Pharma’s Alternate Solution to Disposal
Circular supply chains, the management of waste, obsolescence, and excess, have been challenging for pharmaceuticals to institute. Traditional disposal methods have dominated all forms of waste, surplus, and obsolescence from production to R&D. Many of these pharmaceutical operations consider the disposal of excess materials and hazmat waste as “the cost of doing business.” What is the cost, though? Patients paying for write-offs? Eventual environmental release of materials? Costly disposal fees? This has been the status quo perception toward this problem that has kept progress fairly stagnant. Nearly every industry had the same view in the mid to late 20th century. However, Superfund laws, offshoring, and sinking profits forced many industries to change the way they did business over the last 40 years. Many of them now prioritize reusing, recycling, re-appropriating, and reselling over the last resort of paying for disposal. It was an “adapt or die” call to action to survive in a changing world.
Pharma is slowly turning the corner, but the journey has a long way to go. The industry as a whole is highly profitable, and that can sometimes slow down progress on improving sustainability programs. Progress has undoubtedly been made in areas of forecasting, green chemistry, and single-use, but not nearly to the degree of other industries. Waste and obsolescence have different challenges for them, making it a multi-faceted effort. However, I believe pharmaceuticals has the potential to improve greatly.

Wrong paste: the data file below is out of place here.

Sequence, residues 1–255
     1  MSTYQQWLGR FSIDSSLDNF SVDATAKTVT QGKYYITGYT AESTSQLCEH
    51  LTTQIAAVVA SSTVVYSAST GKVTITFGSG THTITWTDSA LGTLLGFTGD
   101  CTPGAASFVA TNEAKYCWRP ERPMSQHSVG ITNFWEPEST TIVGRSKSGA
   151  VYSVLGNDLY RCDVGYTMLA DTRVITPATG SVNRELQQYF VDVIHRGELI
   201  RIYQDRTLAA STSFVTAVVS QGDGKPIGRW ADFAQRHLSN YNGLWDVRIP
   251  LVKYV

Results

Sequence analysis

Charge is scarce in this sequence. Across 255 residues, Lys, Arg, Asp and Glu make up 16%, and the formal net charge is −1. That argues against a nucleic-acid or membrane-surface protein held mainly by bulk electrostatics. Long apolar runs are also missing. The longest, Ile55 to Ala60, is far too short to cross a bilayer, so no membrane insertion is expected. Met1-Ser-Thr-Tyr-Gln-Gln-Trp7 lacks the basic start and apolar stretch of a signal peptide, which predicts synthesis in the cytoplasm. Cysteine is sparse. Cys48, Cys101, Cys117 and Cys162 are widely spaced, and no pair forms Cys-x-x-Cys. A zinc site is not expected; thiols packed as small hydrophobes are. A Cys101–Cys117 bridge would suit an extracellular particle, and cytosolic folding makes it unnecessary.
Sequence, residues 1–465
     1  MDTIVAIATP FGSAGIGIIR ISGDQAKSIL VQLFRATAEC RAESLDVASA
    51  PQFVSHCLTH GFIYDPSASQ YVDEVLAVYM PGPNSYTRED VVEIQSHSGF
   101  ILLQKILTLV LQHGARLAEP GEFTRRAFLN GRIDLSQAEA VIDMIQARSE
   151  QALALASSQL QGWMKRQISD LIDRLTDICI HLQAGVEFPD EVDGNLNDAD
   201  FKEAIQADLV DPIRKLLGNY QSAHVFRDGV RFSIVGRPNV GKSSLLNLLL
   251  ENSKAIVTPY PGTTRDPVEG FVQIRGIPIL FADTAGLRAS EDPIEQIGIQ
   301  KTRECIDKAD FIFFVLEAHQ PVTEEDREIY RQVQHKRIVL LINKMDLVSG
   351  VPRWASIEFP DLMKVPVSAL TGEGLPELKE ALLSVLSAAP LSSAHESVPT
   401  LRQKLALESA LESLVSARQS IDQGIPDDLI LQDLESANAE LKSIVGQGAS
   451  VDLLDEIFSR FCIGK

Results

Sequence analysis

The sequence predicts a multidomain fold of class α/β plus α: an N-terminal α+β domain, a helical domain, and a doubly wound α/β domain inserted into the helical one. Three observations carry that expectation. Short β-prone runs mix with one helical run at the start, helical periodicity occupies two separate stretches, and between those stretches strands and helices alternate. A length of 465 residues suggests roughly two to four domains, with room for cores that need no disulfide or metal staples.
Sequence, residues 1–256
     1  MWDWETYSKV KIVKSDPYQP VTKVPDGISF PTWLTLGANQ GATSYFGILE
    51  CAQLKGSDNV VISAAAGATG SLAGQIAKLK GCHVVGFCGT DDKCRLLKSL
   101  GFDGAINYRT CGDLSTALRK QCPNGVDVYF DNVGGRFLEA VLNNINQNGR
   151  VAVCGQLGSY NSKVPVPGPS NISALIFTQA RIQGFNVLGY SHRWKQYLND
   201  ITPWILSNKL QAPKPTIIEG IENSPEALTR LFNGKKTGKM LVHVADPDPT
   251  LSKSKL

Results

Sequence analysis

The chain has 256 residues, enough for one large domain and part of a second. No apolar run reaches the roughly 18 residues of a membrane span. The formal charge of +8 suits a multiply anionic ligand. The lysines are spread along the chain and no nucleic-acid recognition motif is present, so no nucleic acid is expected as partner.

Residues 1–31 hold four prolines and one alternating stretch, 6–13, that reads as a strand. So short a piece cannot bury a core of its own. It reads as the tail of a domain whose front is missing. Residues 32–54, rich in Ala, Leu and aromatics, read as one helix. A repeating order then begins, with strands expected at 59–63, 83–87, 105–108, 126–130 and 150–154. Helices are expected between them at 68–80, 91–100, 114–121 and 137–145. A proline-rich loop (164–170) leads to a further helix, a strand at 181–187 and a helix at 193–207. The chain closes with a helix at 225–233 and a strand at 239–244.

Pharmaceuticals account for roughly $3B annually in written off starting materials. The number is likely higher for equipment and staggeringly higher for finished products. Pharma has the unique issue of dealing with shelf life products that are not only expensive, but are hazardous to the environment. Typically, costly items are finished capital assets such as equipment or tools where the lifecycle wears down through large amounts of time and use. If unused, it retains its value well over time. More importantly, these items are usually metal-based and have a far less impact to the environment than many of the starting materials used to make medicines.
Conversely, shelf life products are usually associated with foods and other consumables which are relatively cheap and biodegradable. Pharma has the unique position of managing complicated and expensive starting and finished materials that succumb quickly to expiration and are difficult to dispose of responsibly. Any chink in the supply chain that delays the movement of these goods encroaches on that expiration date. This makes those materials less valuable or quickly obsolete and presents an environmental problem when disposed.
Pharma has generally handled this problem using 20th century standards and thinking. When finished products are deemed unsellable, or starting materials unusable based on internal needs, pharma often disposes of these products through 3rd party vendors. Disposal companies usually charge a hefty price to either landfill or incinerate these products and wastes. These disposal companies may even resell some of the products to recyclers without ever compensating the pharma company who paid for them to be disposed. While these third-party companies are licensed to handle hazardous waste, title and liability of these products never transfer, which creates a risk to inevitable changes to current environmental laws.
So why haven’t lawmakers tried to help or provide guidance? In reality, lawmakers do not know much about the problem. Governmental agencies, such as the EPA, have made only modest progress to guide hazardous waste and disposal efforts as a whole. While many of these laws were successful in outlawing certain disposal practices, they were never meant to solve all related issues.